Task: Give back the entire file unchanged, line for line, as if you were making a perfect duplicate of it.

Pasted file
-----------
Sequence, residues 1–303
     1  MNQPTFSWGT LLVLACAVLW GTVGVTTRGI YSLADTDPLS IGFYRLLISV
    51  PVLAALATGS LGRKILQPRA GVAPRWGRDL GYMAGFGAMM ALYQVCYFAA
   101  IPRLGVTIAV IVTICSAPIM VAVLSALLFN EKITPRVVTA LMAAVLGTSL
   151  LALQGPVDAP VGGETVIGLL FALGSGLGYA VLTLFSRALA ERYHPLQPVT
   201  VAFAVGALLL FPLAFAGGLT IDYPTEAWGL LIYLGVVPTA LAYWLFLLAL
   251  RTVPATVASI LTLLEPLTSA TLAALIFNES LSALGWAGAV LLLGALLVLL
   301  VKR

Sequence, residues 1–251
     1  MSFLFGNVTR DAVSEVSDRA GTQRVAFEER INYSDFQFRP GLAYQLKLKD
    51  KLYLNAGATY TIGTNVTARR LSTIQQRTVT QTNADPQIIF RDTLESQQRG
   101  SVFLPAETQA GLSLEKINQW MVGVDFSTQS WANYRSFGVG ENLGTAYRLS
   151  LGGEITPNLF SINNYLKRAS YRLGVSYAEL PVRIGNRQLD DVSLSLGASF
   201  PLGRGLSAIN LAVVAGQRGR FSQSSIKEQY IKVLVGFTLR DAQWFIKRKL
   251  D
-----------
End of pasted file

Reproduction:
Sequence, residues 1–303
     1  MNQPTFSWGT LLVLACAVLW GTVGVTTRGI YSLADTDPLS IGFYRLLISV
    51  PVLAALATGS LGRKILQPRA GVAPRWGRDL GYMAGFGAMM ALYQVCYFAA
   101  IPRLGVTIAV IVTICSAPIM VAVLSALLFN EKITPRVVTA LMAAVLGTSL
   151  LALQGPVDAP VGGETVIGLL FALGSGLGYA VLTLFSRALA ERYHPLQPVT
   201  VAFAVGALLL FPLAFAGGLT IDYPTEAWGL LIYLGVVPTA LAYWLFLLAL
   251  RTVPATVASI LTLLEPLTSA TLAALIFNES LSALGWAGAV LLLGALLVLL
   301  VKR

Sequence, residues 1–251
     1  MSFLFGNVTR DAVSEVSDRA GTQRVAFEER INYSDFQFRP GLAYQLKLKD
    51  KLYLNAGATY TIGTNVTARR LSTIQQRTVT QTNADPQIIF RDTLESQQRG
   101  SVFLPAETQA GLSLEKINQW MVGVDFSTQS WANYRSFGVG ENLGTAYRLS
   151  LGGEITPNLF SINNYLKRAS YRLGVSYAEL PVRIGNRQLD DVSLSLGASF
   201  PLGRGLSAIN LAVVAGQRGR FSQSSIKEQY IKVLVGFTLR DAQWFIKRKL
   251  D